Presentation on theme: "Linux on commodity network H/W Josh Parsons LUGOD talk August 15 th 2005."— Presentation transcript:
Linux on commodity network H/W Josh Parsons LUGOD talk August 15 th 2005
What's this all about? ● If you have a small office / home network, chances are you are using a router made by Linksys, ASUS, D-Link, or Motorola. – Your router is probably already running Linux! – (And a lot of other free software). – You can use the firmware upgrade feature of your router to install a more open version of the firmware onto it. And then...
Advantages of a more open firmware ● Get more control over the device's existing functionality. – e.g. set up more sophisticated firewall rules with iptables; override firmware limitations on wireless power / frequency; remote administration with ssh ● Install new software to add new functionality. – e.g. run a web server / wiki / blog / proxy / irc logger / P2P / email server / webcam / telephony server / etc...
How does it all work? (1) ● Hardware: what's inside a typical SoHo router? – A specialized “embedded systems” processor – (ARM or MIPS architecture) – about 100-300MHz clock. – Some RAM (between 8 and 32MB) – Flash ROM containing the firmware (2-8MB) – (Wireless) / (USB) / ethernet interfaces via PCI bus. – (Specialized network hardware - a managed switch). – i.e. comparable to a late 1990s-era PC!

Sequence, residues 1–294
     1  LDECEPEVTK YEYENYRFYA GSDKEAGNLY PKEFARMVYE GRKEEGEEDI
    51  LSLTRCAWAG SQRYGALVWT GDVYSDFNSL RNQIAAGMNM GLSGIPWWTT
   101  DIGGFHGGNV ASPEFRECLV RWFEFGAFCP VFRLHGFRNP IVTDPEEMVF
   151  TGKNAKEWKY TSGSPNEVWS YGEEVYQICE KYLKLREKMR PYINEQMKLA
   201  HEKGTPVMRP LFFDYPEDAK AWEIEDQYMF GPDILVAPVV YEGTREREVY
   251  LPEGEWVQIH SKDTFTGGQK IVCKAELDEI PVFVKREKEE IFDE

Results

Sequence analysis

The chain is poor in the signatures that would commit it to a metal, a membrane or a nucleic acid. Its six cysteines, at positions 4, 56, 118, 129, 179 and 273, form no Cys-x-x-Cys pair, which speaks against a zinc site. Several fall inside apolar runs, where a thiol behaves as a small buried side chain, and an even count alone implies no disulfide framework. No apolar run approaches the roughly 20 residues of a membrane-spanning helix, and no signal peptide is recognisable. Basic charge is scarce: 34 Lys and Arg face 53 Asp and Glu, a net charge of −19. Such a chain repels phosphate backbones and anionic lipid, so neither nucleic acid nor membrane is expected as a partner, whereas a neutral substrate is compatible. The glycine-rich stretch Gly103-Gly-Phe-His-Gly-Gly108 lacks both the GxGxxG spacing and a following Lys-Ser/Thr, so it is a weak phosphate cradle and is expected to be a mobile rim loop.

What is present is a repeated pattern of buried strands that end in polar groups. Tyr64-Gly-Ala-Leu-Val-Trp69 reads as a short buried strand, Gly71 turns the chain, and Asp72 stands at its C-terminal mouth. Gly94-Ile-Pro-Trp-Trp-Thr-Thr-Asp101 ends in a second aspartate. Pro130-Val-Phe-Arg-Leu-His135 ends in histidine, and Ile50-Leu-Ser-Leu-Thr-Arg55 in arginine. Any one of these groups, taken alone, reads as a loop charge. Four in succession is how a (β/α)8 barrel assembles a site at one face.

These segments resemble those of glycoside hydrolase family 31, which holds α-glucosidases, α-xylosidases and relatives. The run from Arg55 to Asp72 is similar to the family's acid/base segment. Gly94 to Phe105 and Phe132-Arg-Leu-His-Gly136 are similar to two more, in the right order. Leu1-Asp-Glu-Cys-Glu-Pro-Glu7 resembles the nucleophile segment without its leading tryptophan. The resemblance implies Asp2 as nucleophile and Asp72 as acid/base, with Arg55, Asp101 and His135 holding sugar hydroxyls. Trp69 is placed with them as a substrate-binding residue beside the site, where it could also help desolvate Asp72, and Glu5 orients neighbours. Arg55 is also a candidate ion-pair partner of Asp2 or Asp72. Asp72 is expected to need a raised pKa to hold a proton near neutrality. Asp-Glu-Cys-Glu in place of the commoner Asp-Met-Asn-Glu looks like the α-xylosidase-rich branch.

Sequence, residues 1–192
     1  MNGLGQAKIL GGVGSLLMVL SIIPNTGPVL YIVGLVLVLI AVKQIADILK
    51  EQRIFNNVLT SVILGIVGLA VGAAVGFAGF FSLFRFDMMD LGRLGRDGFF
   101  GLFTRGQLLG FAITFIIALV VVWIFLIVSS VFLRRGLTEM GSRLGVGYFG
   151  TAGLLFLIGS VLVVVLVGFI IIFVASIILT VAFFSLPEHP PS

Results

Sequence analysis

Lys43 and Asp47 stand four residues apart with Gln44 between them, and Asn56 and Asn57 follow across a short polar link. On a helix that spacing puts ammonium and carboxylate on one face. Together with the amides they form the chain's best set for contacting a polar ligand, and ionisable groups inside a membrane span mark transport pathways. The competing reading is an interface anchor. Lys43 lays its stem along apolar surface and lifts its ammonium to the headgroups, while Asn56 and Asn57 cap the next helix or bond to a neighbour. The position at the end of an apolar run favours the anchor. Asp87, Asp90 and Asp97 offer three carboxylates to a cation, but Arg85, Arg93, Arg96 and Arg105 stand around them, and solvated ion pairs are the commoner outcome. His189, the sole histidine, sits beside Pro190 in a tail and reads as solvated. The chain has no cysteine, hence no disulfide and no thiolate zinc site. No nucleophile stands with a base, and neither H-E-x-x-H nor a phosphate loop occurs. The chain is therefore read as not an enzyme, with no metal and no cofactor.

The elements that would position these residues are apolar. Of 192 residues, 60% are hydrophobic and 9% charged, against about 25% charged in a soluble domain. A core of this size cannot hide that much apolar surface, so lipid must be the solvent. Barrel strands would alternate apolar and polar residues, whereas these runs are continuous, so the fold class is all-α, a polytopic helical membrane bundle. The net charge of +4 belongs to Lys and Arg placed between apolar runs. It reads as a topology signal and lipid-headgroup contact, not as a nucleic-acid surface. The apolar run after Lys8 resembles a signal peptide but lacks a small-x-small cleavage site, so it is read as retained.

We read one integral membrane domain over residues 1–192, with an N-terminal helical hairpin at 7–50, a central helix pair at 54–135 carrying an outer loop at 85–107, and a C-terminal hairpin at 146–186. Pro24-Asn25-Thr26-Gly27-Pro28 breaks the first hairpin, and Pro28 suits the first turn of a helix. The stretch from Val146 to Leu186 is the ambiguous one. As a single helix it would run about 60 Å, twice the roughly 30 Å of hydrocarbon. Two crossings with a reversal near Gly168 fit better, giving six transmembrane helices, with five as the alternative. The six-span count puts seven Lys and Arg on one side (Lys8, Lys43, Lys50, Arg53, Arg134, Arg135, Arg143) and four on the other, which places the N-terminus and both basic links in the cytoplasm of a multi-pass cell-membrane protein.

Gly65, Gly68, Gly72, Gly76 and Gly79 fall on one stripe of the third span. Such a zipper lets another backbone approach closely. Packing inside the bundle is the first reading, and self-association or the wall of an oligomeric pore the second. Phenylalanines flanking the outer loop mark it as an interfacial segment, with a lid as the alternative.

How does it all work? (2) ● These devices treat their ROMs like a disk: – The ROM is partitioned into several areas: ● The boot loader (like LILO or GRUB). ● A re-writable configuration area. ● The Linux kernel. ● A ramdisk image (containing a normal linux filesystem) – When you switch the device on, the boot loader copies the kernel and ramdisk into RAM, and starts the kernel. From there, it's like any gnu/linux system.
How does it all work? (3) ● Reflashing the firmware: – The manufacturers thoughtfully provide the ability to flash a new copy of the kernel and ramdisk image into the ROM. (So they can fix bugs) – Because of the partitioning scheme, you can do this without touching the boot loader or configuration. – Which is good, because it means that even if you screw up, you can still reflash using the boot loader.